It is possible for one to convert to Judaism, quite unlike any other nationality that exists. This means that there are whole groups of Jewish, including those who are newly-converted as well as those who are descendant from a convert, or group of converts. This is one of the main counter-arguments to the case that proposes Judaism as a nationality. As much as more evidence is becoming known pertaining to this argument, for now this view remains up to the personal background and beliefs of individuals.
While all this information might seem extensive and tedious, it is important to understand the various dynamics and facets to Jewish identity in their entirety. Not all Jews identify with all of these aspects: some are religious and engage various facets of their identity, others are purely traditionalist and practice only some cultural aspects of their religion. There are also those Jews who advocate firmly that to be Jewish is to be part of a nation older than most current groups, while others will discredit this notion entirely. Nonetheless, to understand these ideas and facts is to understand the Jewish psyche better.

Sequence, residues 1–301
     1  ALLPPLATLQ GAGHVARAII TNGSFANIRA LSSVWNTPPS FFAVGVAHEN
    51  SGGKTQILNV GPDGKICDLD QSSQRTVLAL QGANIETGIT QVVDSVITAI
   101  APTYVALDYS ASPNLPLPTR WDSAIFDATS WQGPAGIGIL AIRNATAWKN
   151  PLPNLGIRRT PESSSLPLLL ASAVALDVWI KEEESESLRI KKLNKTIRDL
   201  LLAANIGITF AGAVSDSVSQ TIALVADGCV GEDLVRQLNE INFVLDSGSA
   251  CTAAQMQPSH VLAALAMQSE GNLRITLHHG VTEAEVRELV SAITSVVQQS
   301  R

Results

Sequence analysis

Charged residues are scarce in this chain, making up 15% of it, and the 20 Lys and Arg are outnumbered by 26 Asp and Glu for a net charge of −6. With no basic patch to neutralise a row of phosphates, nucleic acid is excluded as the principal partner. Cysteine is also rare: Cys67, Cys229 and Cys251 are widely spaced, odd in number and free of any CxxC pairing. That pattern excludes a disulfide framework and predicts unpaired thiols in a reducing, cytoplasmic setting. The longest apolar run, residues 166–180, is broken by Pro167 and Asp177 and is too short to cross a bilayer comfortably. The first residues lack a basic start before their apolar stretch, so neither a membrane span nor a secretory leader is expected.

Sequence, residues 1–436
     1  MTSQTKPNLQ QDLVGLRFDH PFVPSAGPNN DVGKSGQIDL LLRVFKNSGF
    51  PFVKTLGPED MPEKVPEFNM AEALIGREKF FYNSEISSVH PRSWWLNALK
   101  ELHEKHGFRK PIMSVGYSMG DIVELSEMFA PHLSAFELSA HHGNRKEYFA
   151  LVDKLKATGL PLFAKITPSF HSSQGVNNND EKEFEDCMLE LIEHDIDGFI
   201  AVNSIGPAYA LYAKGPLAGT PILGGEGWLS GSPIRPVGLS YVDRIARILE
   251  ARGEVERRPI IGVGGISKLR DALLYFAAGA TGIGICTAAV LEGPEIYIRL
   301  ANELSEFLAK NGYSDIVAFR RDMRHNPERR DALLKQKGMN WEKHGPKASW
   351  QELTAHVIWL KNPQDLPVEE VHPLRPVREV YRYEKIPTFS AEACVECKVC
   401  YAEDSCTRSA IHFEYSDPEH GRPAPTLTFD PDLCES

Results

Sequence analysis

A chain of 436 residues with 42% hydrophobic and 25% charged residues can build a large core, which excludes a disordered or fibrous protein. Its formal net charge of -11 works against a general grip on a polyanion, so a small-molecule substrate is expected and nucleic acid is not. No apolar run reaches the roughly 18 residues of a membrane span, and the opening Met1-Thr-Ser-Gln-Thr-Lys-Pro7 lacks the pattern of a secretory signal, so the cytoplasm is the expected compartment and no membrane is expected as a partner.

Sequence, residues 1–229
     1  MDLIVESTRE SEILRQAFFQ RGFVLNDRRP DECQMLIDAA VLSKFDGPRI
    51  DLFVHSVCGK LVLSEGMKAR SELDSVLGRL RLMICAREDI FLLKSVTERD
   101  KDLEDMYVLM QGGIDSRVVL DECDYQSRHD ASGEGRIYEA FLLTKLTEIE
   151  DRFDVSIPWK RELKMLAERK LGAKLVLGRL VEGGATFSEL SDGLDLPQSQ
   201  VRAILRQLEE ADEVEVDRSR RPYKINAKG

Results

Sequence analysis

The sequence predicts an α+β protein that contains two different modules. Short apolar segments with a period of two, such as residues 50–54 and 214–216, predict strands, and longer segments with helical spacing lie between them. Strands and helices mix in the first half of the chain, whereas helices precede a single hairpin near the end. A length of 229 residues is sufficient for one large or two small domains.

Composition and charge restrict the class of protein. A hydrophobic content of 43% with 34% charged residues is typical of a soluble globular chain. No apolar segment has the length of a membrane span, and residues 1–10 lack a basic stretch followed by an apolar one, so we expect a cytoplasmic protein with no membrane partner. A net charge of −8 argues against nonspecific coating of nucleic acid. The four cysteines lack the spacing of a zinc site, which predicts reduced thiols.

In the next post in this series, I will be discussing the where’s and the who’s of the Jewish religion. This can be read here, or by clicking bellow.
For now, adios! Or, as we say in Hebrew, lehitraot!
This past Sunday, which happened to be a picture of perfect weather following an abysmal and rainy Saturday, a couple of friends and I decided to head down to the beach in Port Elizabeth for an outing. Having been raised in a Jewish orthodox background, I can tell you that there are many, many things Jews have customs regarding. There are some things we’re eager about, and others which aren’t quite treated with the same enthusiasm. It once struck me, however, that one thing which Judaism (and many Jews by extension) is generally more ambivalent towards is the beach.